Virtually all unused paint is recovered in the electrocoating process. Our line has a three post rinse to remove any residual buildup. The post rinses are then filtered, and any paint collected in the rinse stages is reintroduced into the application bath. Our E-Coat system is automated, the amount of paint applied to a product can be precisely controlled, yielding minimal waste, unlike powder or paint overspray.

Environmentally Friendly

E-Coating is environmentally friendly because the process produces little to no VOCs (Volatile Organic Compounds), HAPS (Hazardous Air pollutants) and is RoHS, OSHA, and EPA compliant. Environmental advantages include eliminating the need for costly air abatement equipment present with many solvent-based liquid sprays or dip processes. Electrocoating products are free of heavy metals and have low BOD/COD if introduced to waste streams. Products are water-based, thus reducing fire hazards and worker exposure to hazardous materials.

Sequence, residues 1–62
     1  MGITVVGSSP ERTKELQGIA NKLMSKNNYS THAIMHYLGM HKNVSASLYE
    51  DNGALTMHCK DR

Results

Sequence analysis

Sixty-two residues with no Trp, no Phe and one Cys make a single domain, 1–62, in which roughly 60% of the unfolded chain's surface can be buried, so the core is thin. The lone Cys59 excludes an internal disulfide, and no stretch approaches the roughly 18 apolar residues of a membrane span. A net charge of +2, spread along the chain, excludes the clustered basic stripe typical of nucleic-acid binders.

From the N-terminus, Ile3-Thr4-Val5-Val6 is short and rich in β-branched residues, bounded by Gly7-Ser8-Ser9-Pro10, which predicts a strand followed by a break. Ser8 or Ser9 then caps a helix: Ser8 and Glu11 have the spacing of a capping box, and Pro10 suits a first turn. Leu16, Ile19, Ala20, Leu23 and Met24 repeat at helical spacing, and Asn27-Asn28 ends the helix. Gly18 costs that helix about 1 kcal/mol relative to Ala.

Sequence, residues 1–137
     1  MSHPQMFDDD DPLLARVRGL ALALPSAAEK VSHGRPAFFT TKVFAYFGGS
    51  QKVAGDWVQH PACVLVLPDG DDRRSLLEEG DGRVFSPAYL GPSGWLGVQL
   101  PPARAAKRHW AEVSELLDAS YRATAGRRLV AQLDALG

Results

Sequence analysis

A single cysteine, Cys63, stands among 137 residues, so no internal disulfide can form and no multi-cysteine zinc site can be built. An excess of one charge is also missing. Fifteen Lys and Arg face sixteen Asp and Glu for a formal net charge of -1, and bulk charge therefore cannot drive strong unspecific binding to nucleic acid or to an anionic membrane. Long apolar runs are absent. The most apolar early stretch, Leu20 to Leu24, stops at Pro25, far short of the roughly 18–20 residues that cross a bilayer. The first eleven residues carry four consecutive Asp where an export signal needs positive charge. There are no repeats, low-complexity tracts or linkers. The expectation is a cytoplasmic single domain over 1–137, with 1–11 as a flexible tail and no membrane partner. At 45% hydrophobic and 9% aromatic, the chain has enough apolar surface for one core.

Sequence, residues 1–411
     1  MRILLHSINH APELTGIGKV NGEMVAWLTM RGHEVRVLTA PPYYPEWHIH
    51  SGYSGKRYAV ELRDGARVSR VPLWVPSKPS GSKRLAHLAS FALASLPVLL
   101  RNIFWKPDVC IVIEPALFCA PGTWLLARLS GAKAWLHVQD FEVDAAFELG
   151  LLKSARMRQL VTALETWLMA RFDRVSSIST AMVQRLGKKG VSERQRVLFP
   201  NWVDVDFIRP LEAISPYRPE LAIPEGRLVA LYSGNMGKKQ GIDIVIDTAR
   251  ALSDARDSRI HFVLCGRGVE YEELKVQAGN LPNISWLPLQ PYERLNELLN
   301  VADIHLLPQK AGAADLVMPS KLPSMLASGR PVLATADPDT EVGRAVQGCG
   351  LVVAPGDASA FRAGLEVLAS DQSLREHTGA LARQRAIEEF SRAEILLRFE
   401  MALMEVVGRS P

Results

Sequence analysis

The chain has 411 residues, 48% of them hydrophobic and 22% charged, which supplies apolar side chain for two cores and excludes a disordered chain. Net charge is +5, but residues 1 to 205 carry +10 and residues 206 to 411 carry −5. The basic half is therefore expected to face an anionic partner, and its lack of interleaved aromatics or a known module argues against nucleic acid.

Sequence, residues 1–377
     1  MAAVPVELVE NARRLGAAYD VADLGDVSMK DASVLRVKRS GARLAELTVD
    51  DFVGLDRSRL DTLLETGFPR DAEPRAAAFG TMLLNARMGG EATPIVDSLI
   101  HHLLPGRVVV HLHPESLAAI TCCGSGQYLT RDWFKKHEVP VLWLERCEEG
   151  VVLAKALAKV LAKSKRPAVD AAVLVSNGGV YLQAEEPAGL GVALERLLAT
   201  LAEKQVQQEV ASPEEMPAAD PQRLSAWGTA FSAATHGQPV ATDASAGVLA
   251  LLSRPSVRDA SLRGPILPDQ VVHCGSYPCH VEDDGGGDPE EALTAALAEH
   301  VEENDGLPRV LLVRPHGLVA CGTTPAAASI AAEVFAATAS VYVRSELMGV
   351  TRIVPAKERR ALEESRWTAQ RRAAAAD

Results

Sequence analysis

Economical

Electrocoat is usually the lowest-cost finishing application. The keyword is “application.” Anytime cost to paint parts is evaluated, customers need to look beyond the material cost per square foot or the cost per gallon. Some of the significant factors that enter into the equation for the application selection include:

  • Part complexity: Parts come in all shapes and sizes. E-Coat excels over other technologies in this category because all surfaces receive a consistent film thickness due to the electrical insulating effect as it deposits onto the part.